Houghton Strategic Solutions' Melinda Houghton tells ifa about the times when she leapt into unfamiliar territories, and the successes – and failures – that followed.
MELINDA HOUGHTON had never launched a campaign before – but that didn't stop her from giving it a go.
The Point Cook, Victoria-based financial planner says she refused to sit back while the media was buzzing with industry scandals and in turn her beloved profession was frequently construed as corrupt.
When the Senate last year reversed changes to FOFA that would have eased the regulation of advisers, Ms Houghton reached her breaking point.
"We all know there are going to be some sharks in the tank, but the way it seems to have been put forward to the general public is that it's a majority of [financial planners] who are doing the wrong thing," she says.
Taking up the challenge, Ms Houghton launched 'Positivity for Planners' – a campaign that aimed to restore advisers' reputation through social media and crowdfunding.
Its committee set out to raise $100,000 in 60 days to create videos, blogs and other professionally-made content as a way to bring financial planning success stories to the wider public.
"[The goal was] to get the message out there – that it's not everybody who's doing the wrong thing," she says.
However, only $25,000 was raised by the crowdfunding deadline – and this would only have been deducted if the target had been met. The campaign also prompted a backlash from those who believed troubles within the industry were beneficial for their businesses.
However, the lack of support from her peers wasn't enough to crush Ms Houghton's spirit.
While the crowdfunding aspect of the campaign was over, the positive message and hashtag #PerceptionCorrection would still be used on social media to highlight positivity within the industry.
"Not everything that you do in life is going to work, but if you don't try, it won't work – for sure," she says.
'Where are all the clients?'
Launching the campaign wasn't the first time that Ms Houghton had dived into an unfamiliar field. She began her advice practice, Houghton Strategic Solutions, in 2011 in a similar courageous fashion.
Prior to becoming a planner, Ms Houghton worked at a bank and witnessed firsthand the benefits of receiving financial advice.
"I saw the differences between the advised clients and the non-advised clients who were coming into the branch," she says.
"The non-advised clients just didn't have that certainty. So when I needed to upscale and get a job that supported my family, I decided to study financial planning."
Ms Houghton got her start as an adviser working for other practices before deciding to branch out on her own – a daunting move for someone who had never been at the helm of a business before, she admits.
Nevertheless, it was a risk she was willing to take. Ms Houghton set up shop in a serviced office, secured an authorised representative status with dealer group Aon Hewitt Financial Advice and waited for her first dollar.
However, there was just one problem.
"Where are all the clients?" Ms Houghton wondered.
"Obviously, when you leave other practices you don't take the clients with you. It was a case of saying, 'Well, no one knows I'm here. How do I make that happen?"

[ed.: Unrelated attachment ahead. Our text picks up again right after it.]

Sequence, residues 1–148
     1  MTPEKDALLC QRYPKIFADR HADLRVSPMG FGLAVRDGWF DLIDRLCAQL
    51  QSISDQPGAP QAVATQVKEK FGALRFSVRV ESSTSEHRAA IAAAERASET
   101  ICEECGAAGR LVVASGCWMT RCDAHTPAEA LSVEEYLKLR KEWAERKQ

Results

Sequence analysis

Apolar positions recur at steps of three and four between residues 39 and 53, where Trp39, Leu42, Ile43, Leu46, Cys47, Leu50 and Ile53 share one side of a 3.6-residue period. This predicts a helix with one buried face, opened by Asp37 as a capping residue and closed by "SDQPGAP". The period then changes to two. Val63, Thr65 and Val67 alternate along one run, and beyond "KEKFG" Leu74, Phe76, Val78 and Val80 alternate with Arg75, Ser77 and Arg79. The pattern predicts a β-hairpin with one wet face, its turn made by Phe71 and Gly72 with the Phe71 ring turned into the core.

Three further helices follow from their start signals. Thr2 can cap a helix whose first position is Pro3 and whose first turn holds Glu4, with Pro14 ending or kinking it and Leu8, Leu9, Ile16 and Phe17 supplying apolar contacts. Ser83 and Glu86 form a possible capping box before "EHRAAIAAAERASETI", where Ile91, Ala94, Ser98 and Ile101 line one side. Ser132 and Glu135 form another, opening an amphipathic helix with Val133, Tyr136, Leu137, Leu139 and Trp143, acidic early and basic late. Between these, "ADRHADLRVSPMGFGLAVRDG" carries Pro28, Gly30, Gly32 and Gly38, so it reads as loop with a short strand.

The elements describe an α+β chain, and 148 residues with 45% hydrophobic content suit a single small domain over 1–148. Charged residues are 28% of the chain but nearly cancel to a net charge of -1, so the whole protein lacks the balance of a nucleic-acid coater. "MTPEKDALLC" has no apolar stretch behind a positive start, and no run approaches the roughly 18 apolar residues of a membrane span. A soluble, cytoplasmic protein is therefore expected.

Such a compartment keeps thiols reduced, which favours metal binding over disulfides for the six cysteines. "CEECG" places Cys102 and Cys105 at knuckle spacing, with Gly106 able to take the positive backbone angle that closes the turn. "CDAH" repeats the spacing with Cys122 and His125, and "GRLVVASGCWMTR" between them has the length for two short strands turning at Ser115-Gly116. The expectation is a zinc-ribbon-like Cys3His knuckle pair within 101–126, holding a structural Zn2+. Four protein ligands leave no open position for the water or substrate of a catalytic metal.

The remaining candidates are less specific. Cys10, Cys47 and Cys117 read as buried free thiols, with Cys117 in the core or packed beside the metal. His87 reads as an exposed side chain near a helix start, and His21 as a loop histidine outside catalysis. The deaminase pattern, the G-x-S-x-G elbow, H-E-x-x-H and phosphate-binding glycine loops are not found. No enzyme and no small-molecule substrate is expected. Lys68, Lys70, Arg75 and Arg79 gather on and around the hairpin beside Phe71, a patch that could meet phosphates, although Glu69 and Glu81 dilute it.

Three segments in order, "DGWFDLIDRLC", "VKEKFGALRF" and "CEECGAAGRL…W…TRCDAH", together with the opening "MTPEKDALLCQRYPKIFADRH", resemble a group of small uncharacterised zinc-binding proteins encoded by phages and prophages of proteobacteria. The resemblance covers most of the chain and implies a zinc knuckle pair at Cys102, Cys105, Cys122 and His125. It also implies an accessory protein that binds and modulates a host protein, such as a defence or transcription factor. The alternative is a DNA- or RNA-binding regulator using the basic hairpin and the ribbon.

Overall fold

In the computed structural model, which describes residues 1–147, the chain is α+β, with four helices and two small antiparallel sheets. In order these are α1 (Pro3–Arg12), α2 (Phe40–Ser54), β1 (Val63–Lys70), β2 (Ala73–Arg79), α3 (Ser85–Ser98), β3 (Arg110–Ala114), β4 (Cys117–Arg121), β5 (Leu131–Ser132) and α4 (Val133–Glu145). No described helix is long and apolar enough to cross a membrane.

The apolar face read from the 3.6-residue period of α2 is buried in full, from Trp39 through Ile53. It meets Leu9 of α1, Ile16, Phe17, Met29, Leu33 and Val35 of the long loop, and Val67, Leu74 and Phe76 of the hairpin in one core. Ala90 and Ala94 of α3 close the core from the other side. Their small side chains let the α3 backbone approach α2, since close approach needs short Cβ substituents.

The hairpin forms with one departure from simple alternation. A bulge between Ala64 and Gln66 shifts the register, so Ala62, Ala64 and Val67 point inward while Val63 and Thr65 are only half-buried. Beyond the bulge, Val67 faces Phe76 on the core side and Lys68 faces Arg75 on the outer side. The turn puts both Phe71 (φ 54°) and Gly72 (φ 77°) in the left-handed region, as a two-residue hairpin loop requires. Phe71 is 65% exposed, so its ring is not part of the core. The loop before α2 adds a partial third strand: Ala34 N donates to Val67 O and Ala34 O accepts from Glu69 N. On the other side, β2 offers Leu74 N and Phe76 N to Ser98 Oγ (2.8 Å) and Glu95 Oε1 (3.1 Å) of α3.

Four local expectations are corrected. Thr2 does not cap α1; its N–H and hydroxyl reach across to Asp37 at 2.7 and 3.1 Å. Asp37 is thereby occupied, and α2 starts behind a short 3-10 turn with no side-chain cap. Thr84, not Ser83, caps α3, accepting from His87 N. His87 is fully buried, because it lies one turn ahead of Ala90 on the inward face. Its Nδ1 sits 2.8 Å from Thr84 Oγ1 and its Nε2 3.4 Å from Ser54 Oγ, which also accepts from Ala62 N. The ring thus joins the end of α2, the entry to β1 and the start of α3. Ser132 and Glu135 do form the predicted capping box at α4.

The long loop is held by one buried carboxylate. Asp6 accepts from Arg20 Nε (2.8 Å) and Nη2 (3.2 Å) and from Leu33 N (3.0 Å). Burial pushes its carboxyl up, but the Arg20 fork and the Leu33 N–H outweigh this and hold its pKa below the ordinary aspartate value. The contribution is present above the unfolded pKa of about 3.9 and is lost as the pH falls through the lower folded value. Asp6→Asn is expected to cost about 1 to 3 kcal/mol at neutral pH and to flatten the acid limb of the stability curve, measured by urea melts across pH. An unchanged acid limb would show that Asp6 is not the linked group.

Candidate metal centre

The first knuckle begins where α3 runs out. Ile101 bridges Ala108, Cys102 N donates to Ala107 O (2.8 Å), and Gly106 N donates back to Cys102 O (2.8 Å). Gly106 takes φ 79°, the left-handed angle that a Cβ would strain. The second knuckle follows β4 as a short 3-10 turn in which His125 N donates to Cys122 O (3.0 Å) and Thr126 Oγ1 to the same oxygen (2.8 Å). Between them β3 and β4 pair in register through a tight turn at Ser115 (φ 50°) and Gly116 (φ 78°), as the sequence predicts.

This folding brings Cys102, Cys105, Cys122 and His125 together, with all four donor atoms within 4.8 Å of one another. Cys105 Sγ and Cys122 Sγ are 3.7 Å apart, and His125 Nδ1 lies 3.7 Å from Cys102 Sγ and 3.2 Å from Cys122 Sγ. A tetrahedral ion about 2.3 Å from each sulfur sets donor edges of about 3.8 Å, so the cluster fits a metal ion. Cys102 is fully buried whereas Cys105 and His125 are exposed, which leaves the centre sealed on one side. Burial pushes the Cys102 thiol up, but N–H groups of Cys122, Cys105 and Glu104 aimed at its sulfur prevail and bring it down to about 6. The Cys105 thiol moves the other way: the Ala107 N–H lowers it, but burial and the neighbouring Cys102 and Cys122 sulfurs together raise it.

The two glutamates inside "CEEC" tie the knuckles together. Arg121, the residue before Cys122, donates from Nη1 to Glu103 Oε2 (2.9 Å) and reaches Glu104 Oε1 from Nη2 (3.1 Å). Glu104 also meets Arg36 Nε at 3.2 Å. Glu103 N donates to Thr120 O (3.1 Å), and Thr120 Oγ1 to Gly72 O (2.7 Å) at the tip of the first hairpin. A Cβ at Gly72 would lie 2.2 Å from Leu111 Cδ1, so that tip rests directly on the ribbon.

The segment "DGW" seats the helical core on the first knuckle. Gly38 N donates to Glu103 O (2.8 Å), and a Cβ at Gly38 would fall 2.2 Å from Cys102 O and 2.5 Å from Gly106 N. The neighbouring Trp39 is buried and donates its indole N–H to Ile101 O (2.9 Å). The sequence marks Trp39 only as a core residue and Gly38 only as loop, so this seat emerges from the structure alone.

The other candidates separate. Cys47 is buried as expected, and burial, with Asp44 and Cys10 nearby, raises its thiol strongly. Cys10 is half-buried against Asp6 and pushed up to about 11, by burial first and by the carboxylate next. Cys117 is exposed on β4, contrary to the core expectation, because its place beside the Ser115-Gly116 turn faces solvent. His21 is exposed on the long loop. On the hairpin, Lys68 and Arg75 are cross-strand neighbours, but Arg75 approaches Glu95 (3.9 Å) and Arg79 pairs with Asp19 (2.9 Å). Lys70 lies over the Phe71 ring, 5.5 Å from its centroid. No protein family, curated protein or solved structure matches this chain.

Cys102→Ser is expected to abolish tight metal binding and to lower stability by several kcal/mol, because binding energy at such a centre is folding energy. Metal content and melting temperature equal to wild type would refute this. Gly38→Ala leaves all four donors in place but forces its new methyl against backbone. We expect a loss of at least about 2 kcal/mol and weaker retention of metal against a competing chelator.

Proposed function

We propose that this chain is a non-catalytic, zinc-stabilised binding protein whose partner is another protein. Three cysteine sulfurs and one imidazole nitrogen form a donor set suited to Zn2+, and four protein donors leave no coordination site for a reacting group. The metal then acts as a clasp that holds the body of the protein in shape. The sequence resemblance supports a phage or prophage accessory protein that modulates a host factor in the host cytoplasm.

She got the word out by becoming more involved in the local community through volunteer work. Eventually, she built a reputation as someone who cared about the public.
"It took about 6 to 12 months to build that profile up," Ms Houghton says, "and now [the flow of clients] just doesn't stop."
Financial planning for 'real people'
Her achievement may be due to Ms Houghton's selecting "everyday people" as her target market.
This focus was one reason for Ms Houghton starting her own practice, since she believed it was an under-serviced group.
"People in our target market are often struggling to get from a position where they are treading water to where they are moving forward," Ms Houghton says.
The move to tighten her focus was also a way to prove that advice firms don't have to flog product or work only with high net worth clients to be successful, she adds.
"I believe this demographic is currently under-serviced, and has a huge potential in the world of fee-for-service advice, where the client pays fees for a service, rather than needing to be already wealthy so that we can invest their funds," she says.
"This allows us to charge fees for an overall financial service that improves their position without any particular product or strategy being the focus. The service matches the client's needs, regardless of where they currently are in their financial position."
There is now a waiting list for new clients, she says.
"We have a thriving and growing business, with clients that are satisfying to work with and who we have strong relationships with," she says.
"We are happy knowing we add value and get paid for it."
SUBSCRIBE TO THE IFA DAILY BULLETIN
- 16 Mar 2018CBA CEO pushed for FOFA extensionBy James Mitchell and Aleks Vickovich
- 16 Mar 2018CPA dealer group clashes with FASEA requirementsBy Katarina Taurian
- 16 Mar 2018NAB launches virtual assistant for superBy Staff Reporter
- 15 Mar 2018IFA-focused platforms open to new strategiesBy Staff Reporter
- 15 Mar 2018Deakin eyes advisers to fill staff demandBy Killian Plastow
- 15 Mar 2018Adviser Innovation Summit 2018 agenda announcedBy Staff Reporter
- view all